In 2018 and 2019, the big news for us was grandchildren. Grandchild #1 (GC1) was born a couple of weeks after our younger son got married. GC1 has the distinction of being the first Keller female born in captivity in over a century. The last time we had a full-blooded Keller female born were the sisters of my dad’s father. Needless to say, it had been a very long time.
A little over a year later, GC2 was born. Now, this one was a boy, of course. This child is very active, constantly on the move searching out the next object he wants to mess with that he shouldn’t. Of course, I prefer my description of him as being a disaster looking for a place to happen.
Honestly, I can’t wait until this stupid pandemic is finally put to rest so we can enjoy GC1 and GC2 together. That could be a very interesting mix. The cool thing is that they will grow up in the same school corporation, though they will not be in the same building until they are in middle school. Now, based upon their current heights, I suspect that GC1 will be significantly smaller that GC2. But, I also envision GC1 being able to verbally handle herself with him. Just for the few interactions they had together this past summer, GC2 did much physical protection of GC1. I really think those two have some kind of telepathic connection developing quickly, so it should be very interesting to witness their developments as they grow up.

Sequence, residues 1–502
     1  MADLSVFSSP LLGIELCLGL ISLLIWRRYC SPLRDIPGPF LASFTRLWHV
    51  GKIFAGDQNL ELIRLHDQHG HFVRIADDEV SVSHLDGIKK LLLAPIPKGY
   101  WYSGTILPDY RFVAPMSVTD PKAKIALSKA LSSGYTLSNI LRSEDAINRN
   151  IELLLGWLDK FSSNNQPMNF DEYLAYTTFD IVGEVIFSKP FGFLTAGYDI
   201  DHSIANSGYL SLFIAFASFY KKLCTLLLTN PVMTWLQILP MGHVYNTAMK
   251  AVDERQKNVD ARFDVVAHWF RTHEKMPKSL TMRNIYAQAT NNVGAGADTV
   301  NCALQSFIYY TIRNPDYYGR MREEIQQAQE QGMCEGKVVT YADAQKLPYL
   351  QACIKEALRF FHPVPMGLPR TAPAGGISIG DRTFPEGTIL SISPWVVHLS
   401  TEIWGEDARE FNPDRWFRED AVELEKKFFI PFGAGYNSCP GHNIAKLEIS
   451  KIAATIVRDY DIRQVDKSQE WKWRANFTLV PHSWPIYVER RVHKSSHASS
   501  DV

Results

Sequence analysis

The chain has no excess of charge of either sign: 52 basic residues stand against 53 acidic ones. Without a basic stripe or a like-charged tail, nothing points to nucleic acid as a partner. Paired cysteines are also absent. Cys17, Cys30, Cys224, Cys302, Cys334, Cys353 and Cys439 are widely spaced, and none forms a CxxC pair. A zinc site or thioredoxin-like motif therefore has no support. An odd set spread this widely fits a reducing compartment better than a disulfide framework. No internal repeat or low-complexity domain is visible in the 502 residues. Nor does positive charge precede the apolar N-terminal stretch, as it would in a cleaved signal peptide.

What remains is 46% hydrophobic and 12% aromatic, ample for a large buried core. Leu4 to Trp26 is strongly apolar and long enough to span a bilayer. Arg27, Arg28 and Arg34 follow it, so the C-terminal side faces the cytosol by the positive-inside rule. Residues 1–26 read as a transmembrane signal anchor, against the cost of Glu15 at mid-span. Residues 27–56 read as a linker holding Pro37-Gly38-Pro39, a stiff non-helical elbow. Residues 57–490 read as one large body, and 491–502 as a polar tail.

I know! Quit the grandkids this, grandkids that routine. I said, “Okay!” Let’s look at this last entry for my 1000 favorite albums blog series. These will be the albums forever associated with MY grandchildren. Unveil my selections!
Janelle Monáe – Dirty Computer (2018). Will someone please explain why Janelle Monáe, the talented Prince and Outkast protégé never had a Top 100 pop hit song as a solo artist but only via a guest vocalist on a yoga song called…uh…”Yoga”? Dirty Computer is her third album that reminds this old guy of someone’s own Dirty album. All of her stuff is from the Janet Jackson/Prince/Outkast mold with Monáe taking similar risks while effortlessly bending genres. Now that Prince and Bowie are deceased, Stevie is off in whatever La-La Land he landed in, Janet’s a mom and Outkast remain apart, Janelle is our current hope for this throne of personal musical diversity. This album should have been huge.